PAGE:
Strike ballot opens, and report of rally

Following our recent consultative ballot on industrial action, the formal postal ballot has now opened and you should receive your ballot paper in the next day or two, if you haven’t already. We strongly urge you to vote in favour of action. The only way to fight the cuts and to push a strategy of growth is for all our members to join together in collective action.
Meanwhile, we would like to thank all the staff, students and speakers who attended a very successful “Hands Off London Met” meeting on Tuesday evening. Politicians, students and staff union representatives all condemned the Vice-Chancellor’s attacks on the staff and pledged to fight the cuts. What was most striking was the number of students in the audience who expressed their anger at the plan to fire lecturers and their disbelief in the claim that this would not affect the quality of their educational experience. In terms of gender, age, ethnicity and life experience the students represented the diversity that has made London Met a leader in widening access to higher education.
Jeremy Corbyn, the MP for Islington North, has long been a champion of London Met and paid tribute to all the unions at the university, not just the academics, administrators and technical staff, but also the people working in catering, cleaning and security. By contrast, he condemned the years of mismanagement that had caused serious damage to the institution.  Along with the other speakers, Jeremy signed a letter to the Governors calling for them to abandon the continuation of a failed strategy of cuts, and to develop a plan for growth. The letter is posted at the foot of this email.
Jeremy Corbyn 2
Jeremy Corbyn MP pays tribute to the unions at London Met.
Photo by David Hardman
About education more generally, Corbyn noted the likelihood of a hung parliament. Such a scenario, he said, can provide opportunities that otherwise might not be there. Following the election he would be demanding more money for university education.
A theme raised by several speakers – Liz Lawrence (UCU), Jon Rogers (UNISON), Sean Vernell (UCU), James Brown (Islington Councillor) – was the need to build a broad-based campaign in defence of education generally. As Sean Vernell pointed out, different fights against cuts are happening in numerous FE and HE institutions and the time has come for a wider fightback.
Within London Met itself, Aaron Kiely (London Met student and NUS) accused the Vice-Chancellor of misleading students and using divide-and-rule tactics against them. The Vice-Chancellor had been “demolished” at a debate hosted by the Student Council and most members of the audience had opposed him. However, in a private (and inquorate) vote of the Student Council several members had sided with the VC.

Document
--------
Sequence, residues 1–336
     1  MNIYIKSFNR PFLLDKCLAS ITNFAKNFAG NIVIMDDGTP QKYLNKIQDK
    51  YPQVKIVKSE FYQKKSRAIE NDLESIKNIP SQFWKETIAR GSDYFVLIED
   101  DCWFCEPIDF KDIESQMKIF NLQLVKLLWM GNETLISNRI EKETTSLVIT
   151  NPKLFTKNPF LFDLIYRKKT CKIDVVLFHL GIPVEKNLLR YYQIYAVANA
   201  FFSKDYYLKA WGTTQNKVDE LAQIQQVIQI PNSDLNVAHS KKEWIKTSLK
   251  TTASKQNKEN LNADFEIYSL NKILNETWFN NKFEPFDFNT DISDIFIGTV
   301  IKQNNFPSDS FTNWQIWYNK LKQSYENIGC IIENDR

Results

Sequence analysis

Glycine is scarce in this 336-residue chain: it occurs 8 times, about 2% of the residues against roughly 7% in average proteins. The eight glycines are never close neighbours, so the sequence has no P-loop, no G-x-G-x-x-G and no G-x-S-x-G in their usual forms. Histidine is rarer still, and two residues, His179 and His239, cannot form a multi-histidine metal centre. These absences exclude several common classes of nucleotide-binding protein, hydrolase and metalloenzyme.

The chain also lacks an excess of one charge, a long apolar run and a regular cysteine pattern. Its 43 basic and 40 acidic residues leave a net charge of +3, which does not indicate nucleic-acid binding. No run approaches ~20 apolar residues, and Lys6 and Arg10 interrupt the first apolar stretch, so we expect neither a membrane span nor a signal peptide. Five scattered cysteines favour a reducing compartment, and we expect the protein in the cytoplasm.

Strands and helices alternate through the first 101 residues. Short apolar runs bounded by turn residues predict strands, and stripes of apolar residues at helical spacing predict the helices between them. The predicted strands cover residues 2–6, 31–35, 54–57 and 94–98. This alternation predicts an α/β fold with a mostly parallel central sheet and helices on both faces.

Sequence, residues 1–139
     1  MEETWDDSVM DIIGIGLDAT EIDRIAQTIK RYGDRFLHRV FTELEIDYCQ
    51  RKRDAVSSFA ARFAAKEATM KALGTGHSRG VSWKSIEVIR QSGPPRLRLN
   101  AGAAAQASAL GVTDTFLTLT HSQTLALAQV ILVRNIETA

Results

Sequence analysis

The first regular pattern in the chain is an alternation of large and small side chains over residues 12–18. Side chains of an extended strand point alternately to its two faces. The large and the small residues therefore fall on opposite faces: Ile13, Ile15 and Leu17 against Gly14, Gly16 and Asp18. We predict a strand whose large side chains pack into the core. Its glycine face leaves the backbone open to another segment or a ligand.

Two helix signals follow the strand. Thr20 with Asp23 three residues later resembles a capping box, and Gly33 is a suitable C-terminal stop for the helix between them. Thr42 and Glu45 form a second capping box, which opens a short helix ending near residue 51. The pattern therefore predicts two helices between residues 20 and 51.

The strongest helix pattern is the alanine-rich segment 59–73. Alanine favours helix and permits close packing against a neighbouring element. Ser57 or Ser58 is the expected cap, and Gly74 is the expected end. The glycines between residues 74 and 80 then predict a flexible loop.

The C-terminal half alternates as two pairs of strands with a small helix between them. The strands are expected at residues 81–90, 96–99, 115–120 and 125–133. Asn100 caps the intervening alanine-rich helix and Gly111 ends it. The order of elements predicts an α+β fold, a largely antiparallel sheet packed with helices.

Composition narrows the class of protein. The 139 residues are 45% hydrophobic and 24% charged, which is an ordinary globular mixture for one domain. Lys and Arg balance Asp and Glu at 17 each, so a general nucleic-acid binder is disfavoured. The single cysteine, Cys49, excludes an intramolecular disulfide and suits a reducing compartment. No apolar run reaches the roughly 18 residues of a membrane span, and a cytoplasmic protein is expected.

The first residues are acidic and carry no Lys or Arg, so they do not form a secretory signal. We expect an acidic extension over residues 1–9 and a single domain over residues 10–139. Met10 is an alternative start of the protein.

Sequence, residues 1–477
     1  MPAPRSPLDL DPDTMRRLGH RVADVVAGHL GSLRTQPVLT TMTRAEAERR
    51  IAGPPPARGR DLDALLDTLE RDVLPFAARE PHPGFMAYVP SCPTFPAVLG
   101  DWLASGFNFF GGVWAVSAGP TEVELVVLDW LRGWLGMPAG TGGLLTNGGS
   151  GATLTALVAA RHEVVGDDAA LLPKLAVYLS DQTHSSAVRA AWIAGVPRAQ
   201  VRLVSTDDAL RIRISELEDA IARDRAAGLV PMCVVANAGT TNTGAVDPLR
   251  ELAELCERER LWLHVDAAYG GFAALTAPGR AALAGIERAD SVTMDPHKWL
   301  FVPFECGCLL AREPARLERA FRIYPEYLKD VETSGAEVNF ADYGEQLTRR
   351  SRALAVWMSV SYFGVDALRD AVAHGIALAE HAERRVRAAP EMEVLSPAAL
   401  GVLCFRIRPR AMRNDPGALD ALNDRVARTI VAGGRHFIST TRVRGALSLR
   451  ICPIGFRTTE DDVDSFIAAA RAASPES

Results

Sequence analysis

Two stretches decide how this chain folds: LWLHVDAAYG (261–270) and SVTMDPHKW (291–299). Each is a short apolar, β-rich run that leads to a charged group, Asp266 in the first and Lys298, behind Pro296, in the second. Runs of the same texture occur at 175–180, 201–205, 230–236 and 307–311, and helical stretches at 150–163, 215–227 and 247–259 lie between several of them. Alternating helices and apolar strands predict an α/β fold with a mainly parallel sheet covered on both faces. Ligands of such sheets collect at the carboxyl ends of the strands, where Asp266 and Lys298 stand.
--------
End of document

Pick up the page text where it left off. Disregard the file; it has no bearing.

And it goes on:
Photo by David Hardman
Mark Campbell (London Met UCU) said that whilst the university had suffered cuts previously, the ones now being planned threatened to destroy us. Figures presented to the Board of Governors, and obtained by UCU, showed that the University had £42 million in discretionary capital spending for the next three years; this should be used to grow the university rather than shrink it. He pointed out that the Staff Experience Survey revealed staff had “no faith” in management but attacked the way the survey was being used, particularly the idea – also presented to the governors – that those classed as “disengaged” should be “managed out”. Mark announced that the joint unions will be  lobbying the next Board of Governors meeting – scheduled for Tuesday, 12 May, and demanding the rescinding of the 165 job cuts.
Mark Campbell
Mark Campbell, Chair of UCU London Met Coordinating Committee – Mark is ‘at risk’ of redundancy
Photo by David Hardman
Students in the audience spoke, variously, of the academic support they had received from dedicated staff at London Met, the opportunity it gave to mature entrants, black students, and the working class; but they also spoke of their own experience of how it had been “one thing after another” at the university.
Finally, we would like to thank once again everyone who attended. We should all take great heart from the support offered by the speakers and students present. The UCU formal ballot for industrial action is now open and you should by have received a ballot paper. You have until midday on 11th May to vote and we strongly urge you to vote in favour of industrial action. Only by taking collective action can we fight the cuts and press for a strategy based on growth.

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